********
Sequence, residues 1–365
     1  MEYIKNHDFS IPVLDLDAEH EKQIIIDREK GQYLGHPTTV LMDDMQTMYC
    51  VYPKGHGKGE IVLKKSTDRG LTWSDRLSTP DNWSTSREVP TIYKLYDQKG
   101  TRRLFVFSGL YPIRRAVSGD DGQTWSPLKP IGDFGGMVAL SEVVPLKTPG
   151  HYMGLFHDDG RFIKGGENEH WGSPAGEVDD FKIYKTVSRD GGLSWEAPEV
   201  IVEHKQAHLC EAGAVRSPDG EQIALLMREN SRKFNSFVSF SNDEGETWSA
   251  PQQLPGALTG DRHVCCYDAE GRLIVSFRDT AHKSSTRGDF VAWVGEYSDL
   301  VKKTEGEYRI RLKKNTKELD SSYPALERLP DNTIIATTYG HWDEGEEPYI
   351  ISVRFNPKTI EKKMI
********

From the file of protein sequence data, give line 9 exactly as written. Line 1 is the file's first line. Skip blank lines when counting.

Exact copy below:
   351  ISVRFNPKTI EKKMI